Plant Roots in the Dark See Light

rootsLight is not only a source of energy for plants but also an important signal which regulates many light-dependent growth processes allowing it to effectively adapt to its environment.

Light is first detected by photoreceptors in the shoot of a plant. For more than three decades, scientists have been speculating whether roots are also able to perceive light. A new study appears to confirm that is the case.

Previous studies had shown that a special photoreceptor in plants which detects light of the wavelength red/far-red is surprisingly also expressed in the roots. However, it remained unclear how this root photoreceptor was activated. In an interdisciplinary effort, molecular biologists and optical physicists developed a highly sensitive optical detector along with the idea to compare plants with “blind” and “sighted” roots.

They used plants of the thale cress Arabidopsis thaliana, a model organism in plant research, which were genetically modified in a way that the photoreceptor was only silenced in their roots, but not in their shoots. Hence, these plants had “blind” roots. The scientists grew these modified plants along with control plants; their roots were in the dark soil and their shoots exposed to light, just like in nature. The optical detector system was used to measure light which was transmitted in the stem down to the roots.

The results showed that roots do indeed perceive light even though they are typically below the ground.

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2 Comments

  1. Ian Ashdown says:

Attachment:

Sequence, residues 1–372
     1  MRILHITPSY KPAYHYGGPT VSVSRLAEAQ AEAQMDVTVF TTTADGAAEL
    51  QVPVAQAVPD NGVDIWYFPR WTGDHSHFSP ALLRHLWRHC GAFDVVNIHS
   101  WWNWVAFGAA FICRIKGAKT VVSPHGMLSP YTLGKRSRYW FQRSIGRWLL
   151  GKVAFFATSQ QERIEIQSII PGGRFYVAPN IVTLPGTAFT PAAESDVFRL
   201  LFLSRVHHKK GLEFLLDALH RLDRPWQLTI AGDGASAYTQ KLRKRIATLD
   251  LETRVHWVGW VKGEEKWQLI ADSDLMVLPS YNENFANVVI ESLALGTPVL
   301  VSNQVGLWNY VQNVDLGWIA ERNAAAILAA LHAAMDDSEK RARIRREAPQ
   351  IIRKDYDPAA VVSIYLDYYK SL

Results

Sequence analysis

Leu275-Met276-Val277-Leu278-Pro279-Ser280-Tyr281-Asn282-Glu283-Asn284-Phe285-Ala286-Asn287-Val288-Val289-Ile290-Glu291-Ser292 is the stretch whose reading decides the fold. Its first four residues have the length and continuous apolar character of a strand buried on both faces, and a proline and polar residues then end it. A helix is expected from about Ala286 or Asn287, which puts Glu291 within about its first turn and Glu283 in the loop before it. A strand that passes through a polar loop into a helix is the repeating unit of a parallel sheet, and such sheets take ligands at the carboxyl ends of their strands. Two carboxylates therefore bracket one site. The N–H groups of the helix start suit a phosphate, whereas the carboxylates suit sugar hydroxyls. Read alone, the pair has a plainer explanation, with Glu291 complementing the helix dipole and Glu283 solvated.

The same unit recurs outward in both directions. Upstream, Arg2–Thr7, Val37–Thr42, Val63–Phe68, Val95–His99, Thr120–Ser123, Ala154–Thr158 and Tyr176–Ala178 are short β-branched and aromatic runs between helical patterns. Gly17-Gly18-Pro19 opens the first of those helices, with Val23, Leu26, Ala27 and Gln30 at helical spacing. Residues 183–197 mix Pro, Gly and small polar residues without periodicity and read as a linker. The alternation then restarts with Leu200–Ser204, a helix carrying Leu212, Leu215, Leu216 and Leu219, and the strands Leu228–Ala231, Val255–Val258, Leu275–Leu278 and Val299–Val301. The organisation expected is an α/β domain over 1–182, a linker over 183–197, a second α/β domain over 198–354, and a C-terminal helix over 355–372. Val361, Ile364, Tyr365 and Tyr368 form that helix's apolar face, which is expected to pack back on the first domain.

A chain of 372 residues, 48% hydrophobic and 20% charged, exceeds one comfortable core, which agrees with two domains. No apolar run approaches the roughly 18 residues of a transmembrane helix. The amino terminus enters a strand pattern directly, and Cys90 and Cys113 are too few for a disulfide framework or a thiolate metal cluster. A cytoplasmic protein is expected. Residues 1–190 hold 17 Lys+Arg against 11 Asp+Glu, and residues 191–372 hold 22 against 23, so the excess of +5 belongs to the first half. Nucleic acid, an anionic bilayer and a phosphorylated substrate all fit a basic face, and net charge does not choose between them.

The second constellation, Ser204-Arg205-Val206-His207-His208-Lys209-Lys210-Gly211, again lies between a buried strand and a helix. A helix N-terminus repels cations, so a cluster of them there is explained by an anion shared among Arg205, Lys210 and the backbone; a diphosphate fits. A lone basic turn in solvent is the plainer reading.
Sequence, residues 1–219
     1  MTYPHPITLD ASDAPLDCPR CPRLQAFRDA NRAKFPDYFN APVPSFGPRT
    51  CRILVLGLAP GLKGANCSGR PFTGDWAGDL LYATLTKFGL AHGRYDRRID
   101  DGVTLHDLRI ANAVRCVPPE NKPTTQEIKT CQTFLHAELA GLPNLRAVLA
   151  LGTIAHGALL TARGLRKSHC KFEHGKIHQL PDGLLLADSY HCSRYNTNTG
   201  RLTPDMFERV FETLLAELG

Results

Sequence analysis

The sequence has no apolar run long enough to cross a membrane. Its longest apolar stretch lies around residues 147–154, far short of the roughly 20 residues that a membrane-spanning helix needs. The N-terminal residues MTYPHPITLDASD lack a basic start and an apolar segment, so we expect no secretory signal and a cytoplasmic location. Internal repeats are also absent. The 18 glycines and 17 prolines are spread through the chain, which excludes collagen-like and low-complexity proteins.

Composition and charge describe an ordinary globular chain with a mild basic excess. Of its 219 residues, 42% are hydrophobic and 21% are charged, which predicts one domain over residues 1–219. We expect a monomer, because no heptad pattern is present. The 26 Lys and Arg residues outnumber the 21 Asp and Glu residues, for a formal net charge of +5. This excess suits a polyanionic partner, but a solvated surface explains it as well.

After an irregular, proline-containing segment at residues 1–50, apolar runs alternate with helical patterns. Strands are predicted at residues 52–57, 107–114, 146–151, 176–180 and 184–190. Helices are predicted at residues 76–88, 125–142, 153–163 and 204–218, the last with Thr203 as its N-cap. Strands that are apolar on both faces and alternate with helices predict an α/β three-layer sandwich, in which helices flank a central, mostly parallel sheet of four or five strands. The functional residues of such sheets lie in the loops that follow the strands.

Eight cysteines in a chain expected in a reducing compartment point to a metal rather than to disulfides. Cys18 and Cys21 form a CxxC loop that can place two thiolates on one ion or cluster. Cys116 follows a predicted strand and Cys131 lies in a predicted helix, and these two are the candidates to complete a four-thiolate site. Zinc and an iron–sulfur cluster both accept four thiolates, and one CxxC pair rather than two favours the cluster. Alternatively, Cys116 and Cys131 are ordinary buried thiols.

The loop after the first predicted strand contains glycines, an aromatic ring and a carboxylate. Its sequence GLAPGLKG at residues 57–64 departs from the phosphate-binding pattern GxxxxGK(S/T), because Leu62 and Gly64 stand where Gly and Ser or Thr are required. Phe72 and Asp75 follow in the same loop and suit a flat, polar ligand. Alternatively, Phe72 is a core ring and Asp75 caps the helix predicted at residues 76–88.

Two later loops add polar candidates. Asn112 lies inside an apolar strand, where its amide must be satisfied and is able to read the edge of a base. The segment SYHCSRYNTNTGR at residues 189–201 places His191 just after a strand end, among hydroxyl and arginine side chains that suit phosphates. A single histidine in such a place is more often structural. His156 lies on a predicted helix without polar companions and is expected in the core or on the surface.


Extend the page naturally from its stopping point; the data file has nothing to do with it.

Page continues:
The story here is not that roots perceive light, but that the light (at least in this particular species) respond to light incident on leaves and stem being conducted through the translucent cells to the roots.

    Far-red light penetrates loose soil to a depth of several centimeters, where it can trigger the growth of buried seeds by activating phytochrome. This has been known for half a century. Once sprouted, the roots continue to respond to both value and far-red light, which is perceived by phytochrome and cryptochrome photoreceptors in the roots. This has been known for the past 20 years or more.

    So, an interesting story, but not as novel as the summary article above (from http://www.phys.org) suggests.

  2. Doug Steel says:

    I appreciated this article and especially Ian’s comments. Coming from a biological perspective (but not botanical!) and taking Ian’s insights into consideration, the most primitive animal responses to light involve locomotion (light avoidance or seeking). It would make sense that roots might do the same thing, growing horizontally or vertically using light as a cue. It is also possible that roots might use light as a means of establishing a certain degree of structural density – once a root network had grown to a certain extent, it would block a proportion of the penetrating light and serve as a cue to stop growing. These are strictly idle speculations, but they have a basis in how other lower organisms such as flatworms resound to light cues.

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